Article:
There is something so special in all things NEW. We spend our lives operating under assumptions and paradigms that have stuck with us for years. Those old paradigms can be about things as minor as our morning shower routine or as major as our religious beliefs and practices. They give us comfort, but they can also rot, transforming from a useful structure into an obstacle that keeps us from moving forward with our physical, mental, and spiritual lives.
But we’ve all had that experience of newness. Perhaps it was a new child that completely changed our lives, knocked the senses out of us, but resulted in a completely revised and healthier view of life. Perhaps it was a new job, one that forced us to think and act in a new way. For many of us, it was a new religion. We have all had that time where we were so excited about all the amazing things we were learning about the Goddess, about the Aesir, about whatever pantheon we attach to that we felt charged with excitement to get out and share it with the world. The Pagan community often refers to this as the “Fluffy Bunny” stage- a stage where everything about the world is rainbows and light and unicorns, and all you want to do is share those rainbows with the entire world.
Godspell, the now classic musical by Wicked creator Stephen Schwartz, opened this weekend at Mysterium Theater. It is an energetic, beautiful, and thoughtful portrayal of the Fluffy Bunny stage of Christianity. It really doesn’t matter what your religion is, anyone with a heart can connect with the love, excitement, and sheer ecstasy that comes from this musical as it plays and experiments with the art of newness, the art of fluffiness. The apostles of Godspell are just as supercharged about their messiah as the stereotypical 16 year old Gothic chick is about her first reading of Scott Cunningham, and this production surrounds us with that amazing excitement that comes with freshness.
Mysterium’s production emphasizes the new. The show is based on the Gospel of Matthew, and it features the reactions and development of the apostles as they learn a completely new way of life from their teacher, Jesus. They begin as a useless rabble, but they coalesce into a unified, energized new faith under their new rabbi. This show is supremely adaptable, and Mysterium has added everything from Jesus rapping to multiple renditions of “Gangham Style” to Toy Story references to update the piece and give it a flair of modernity and relevancy.
Torran Kitts leads the performance. His Jesus is intentionally young and innocent, and just a bit goofy. While Kitts joins the chorus for most of the numbers, his leadership is quite clear from the very beginning. The Jesus he present is young but powerful, and he radiates a charisma that helps us really believe that these societal outcasts would truly choose to follow him. This perfect love and perfect trust he honestly establishes with his followers makes his eventual crucifixion- the end of the Fluffy Bunny stage- all the more painful.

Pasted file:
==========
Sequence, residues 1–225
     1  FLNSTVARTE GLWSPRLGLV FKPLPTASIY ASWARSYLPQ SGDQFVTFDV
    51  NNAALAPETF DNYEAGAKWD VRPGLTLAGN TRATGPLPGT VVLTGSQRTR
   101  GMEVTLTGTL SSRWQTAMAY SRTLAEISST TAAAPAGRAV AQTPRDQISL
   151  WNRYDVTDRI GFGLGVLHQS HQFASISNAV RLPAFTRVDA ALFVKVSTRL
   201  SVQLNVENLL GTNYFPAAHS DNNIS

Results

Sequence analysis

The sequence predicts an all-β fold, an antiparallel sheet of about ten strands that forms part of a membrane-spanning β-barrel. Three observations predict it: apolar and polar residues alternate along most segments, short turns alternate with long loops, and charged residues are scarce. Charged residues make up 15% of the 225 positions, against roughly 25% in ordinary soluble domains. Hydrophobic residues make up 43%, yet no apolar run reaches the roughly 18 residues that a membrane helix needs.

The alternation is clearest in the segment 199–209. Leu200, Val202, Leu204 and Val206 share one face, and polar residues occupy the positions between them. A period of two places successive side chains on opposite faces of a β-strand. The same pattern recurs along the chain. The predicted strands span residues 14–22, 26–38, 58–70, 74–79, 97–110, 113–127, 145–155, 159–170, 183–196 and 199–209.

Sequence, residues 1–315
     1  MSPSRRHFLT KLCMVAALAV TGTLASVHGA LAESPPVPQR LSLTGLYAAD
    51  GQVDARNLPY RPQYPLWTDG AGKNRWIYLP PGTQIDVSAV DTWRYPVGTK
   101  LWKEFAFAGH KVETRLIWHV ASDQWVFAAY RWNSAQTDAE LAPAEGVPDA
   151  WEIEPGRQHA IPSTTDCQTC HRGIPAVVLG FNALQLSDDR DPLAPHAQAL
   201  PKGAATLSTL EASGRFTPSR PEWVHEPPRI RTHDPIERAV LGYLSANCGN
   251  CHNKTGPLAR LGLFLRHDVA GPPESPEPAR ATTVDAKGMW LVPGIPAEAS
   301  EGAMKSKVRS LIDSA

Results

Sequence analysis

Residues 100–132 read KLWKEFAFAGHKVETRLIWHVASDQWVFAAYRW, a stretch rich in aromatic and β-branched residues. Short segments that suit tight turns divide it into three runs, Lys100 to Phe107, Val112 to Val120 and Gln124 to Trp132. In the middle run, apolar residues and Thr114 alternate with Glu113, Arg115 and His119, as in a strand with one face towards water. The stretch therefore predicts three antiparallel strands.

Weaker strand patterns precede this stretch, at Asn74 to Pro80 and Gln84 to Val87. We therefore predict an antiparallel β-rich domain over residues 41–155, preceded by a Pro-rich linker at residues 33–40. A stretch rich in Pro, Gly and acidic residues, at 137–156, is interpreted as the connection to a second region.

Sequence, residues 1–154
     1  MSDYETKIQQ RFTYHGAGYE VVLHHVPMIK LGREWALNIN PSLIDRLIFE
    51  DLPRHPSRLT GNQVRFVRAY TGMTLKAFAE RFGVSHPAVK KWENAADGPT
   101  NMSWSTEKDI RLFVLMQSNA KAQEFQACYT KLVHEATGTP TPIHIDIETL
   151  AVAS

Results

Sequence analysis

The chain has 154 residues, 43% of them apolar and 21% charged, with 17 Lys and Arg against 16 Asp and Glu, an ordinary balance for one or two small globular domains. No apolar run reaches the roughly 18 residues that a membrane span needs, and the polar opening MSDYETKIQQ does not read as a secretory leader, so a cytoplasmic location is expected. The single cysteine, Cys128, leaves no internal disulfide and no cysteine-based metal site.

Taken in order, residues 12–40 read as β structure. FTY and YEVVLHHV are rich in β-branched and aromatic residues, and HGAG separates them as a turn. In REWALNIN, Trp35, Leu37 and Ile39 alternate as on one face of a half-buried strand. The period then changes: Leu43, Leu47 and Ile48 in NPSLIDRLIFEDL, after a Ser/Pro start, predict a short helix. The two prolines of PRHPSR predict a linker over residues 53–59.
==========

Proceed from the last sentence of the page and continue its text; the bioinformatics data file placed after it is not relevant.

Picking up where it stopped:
Brian Lofting brings a bit of energy and force as both John the Baptist and Judas. While his early proclamation demanding us to “Prepare Ye” for the coming of the Lord is a bit underwhelming, his strength improves as the story moves on. By the time we see him betray his good friend, with that friend’s blessing, we have fallen in love with him as a true believer and a compassionate, realistic portrayal of our own fears and earthly concerns. Lofting’s voice isn’t much better than the rest of the cast; his dancing is average, and you can see him sweat throughout the show, but that just seems to add to the grit of the story as it unfolds.
The rest of the cast absolutely glorifies in that fluffy feeling of newnesss and love. Those of us in the audience get this amazing understanding of the thrill and joy that the original apostles felt as they lived with and learned from this crazy young upstart who challenged the codified interpretations of the Law. Each lesson is accepted with love and respect, but each apostle gets the chance to broadcast their own power. The entire chorus opens the doorway to the inspirational love and light that the apostles must have felt as they realized the transformational lessons that their teacher was giving them. Particularly memorable are Kayla Cavaness’ soprano strength, Momoko Sugai’s second act intro, and Luis Ceja’s inspiring rendition of “We Beseech Thee.”
Director Rovin Jay and choreographer Sonya Lane’t Randall capitalize on Godspell’s openness to adaptation. Together, they meld classical elements like John the Baptist’s iconic “Prepare ye the Way of the Lord” number with more modern dance styles and parable interpretations that ride the wave of this show’s improvisational heart. The love that shines through from each number, regardless of the style of choreography, reminds us yet again of the joy that came from each of us as we learned a new religious point of view and broke away from old structures into a fresh new way of thinking, acting, and believing.
That freshness is exactly what this production emphasizes. All of us have had that joyous experience where we realized exactly where our spiritual path was leading us. It reminds us of what it was like to be fluffy bunnies, and taps into the spiritual joy that must have been felt by the early Christian bunnies. At some point we all have to deal with our own crucifixions that force us to see the dark side or our faiths, but this Godspell reminds us that- before all of that pain- we all danced happily in the “Beautiful City.” We have a lot to learn from that city, from that freshness, from that love.